• Integrated performance management: adding a new dimension

      Verweire, Kurt; Van den Berghe, Lutgart (2003)
      In this paper, we argue that effective Integrated Performance Management (IPM) needs both strategic and maturity alignment. The management literature focuses on strategic alignment, in this paper we develop the concept of maturity alignment. Maturity alignment indicates that an organization must install the appropriate managerial and operational processes in accordance with the desired maturity level. We have identified four different maturity levels that indicate how well the organizational and managerial processes within an organization are defined and developed. We argue that insufficient maturity alignment is one of the major reasons why many performance management initiatives fail. Keywords Integrated performance management, strategic alignment, maturity alignment.
    • Modelling limited dependent variables: methods and guidelines for researchers in strategic management

      Bowen, Harry; Wiersema, Margarethe (2003)
      Research on strategic choices available to the firm are often modeled as a limited number of possible decision outcomes and leads to a discrete limited dependent variable. A limited dependent variable can also arise when values of a continuous dependent variable are partially or wholly unobserved. This chapter discusses the methodological issues associated with such phenomena and the appropriate statistical methods developed to allow for consistent and efficient estimation of models that involve a limited dependent variable. The chapter also provides a road map for selecting the appropriate statistical technique and it offers guidelines for consistent interpretation and reporting of the statistical results.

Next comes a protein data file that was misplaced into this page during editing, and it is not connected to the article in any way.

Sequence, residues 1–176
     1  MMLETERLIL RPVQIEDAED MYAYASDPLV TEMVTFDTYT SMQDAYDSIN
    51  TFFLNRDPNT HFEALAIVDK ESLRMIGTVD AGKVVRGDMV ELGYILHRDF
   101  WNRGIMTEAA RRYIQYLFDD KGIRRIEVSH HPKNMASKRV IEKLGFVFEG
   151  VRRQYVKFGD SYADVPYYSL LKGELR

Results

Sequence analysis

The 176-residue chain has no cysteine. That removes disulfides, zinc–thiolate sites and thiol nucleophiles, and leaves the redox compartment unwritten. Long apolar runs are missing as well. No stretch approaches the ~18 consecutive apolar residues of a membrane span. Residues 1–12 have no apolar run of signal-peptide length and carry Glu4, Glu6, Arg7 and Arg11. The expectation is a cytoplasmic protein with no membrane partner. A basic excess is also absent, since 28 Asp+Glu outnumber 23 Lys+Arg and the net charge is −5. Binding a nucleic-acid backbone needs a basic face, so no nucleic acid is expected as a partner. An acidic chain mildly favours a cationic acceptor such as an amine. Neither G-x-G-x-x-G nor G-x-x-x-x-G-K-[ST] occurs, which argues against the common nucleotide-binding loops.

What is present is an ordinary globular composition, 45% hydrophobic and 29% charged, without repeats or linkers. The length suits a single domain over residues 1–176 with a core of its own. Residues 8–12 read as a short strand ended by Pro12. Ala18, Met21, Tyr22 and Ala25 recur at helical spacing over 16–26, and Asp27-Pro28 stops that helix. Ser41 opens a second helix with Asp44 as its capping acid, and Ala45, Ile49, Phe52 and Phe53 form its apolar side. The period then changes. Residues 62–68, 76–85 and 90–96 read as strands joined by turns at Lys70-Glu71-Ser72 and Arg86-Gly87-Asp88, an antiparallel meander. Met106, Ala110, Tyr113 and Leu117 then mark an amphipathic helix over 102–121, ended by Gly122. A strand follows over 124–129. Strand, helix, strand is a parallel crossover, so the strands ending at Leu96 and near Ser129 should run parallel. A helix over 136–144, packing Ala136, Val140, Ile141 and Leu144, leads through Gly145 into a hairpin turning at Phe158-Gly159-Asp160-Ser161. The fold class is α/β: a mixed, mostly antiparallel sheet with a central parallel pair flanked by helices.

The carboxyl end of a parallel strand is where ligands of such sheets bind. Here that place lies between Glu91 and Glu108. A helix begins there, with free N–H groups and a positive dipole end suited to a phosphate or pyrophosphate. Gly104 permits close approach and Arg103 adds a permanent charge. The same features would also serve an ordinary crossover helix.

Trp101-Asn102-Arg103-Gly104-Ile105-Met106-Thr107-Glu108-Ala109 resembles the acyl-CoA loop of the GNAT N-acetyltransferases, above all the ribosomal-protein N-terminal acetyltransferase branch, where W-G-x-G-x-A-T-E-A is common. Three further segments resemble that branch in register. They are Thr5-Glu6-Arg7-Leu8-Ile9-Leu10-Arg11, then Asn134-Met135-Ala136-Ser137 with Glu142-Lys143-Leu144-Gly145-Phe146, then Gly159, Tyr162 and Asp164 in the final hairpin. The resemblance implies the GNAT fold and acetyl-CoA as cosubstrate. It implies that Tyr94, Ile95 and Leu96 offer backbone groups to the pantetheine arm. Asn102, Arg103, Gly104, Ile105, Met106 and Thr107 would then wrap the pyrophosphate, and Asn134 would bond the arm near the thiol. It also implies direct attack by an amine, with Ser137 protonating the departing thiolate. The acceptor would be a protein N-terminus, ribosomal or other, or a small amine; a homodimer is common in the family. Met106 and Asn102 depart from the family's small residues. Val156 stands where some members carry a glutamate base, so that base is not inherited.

• Toward an integrative framework of strategies that work

      Verweire, Kurt; Ferguson, Tamela; Debruyne, Marion (2007)
      Competitive strategy is at the heart of the field of strategic management. But despite years of academic research, there is a lot of debate about what constitutes competitive strategy and how effective competitive strategies lead to superior performance. In this article, we argue that strategy is about making clear choices (“focus”) and about being different (“differentiation”) on four strategic dimensions, including: Whom do we serve?, What do we provide?, What is our value proposition?, and How do we realize all this? Although recent work has pointed to these conclusions, this paper goes one step further by providing more concrete ideas as to what focus and differentiation really mean for each of the various dimensions and why they matter. As such, we provide managers a framework that can be used to test the extent to which their strategies have the potential to be effective.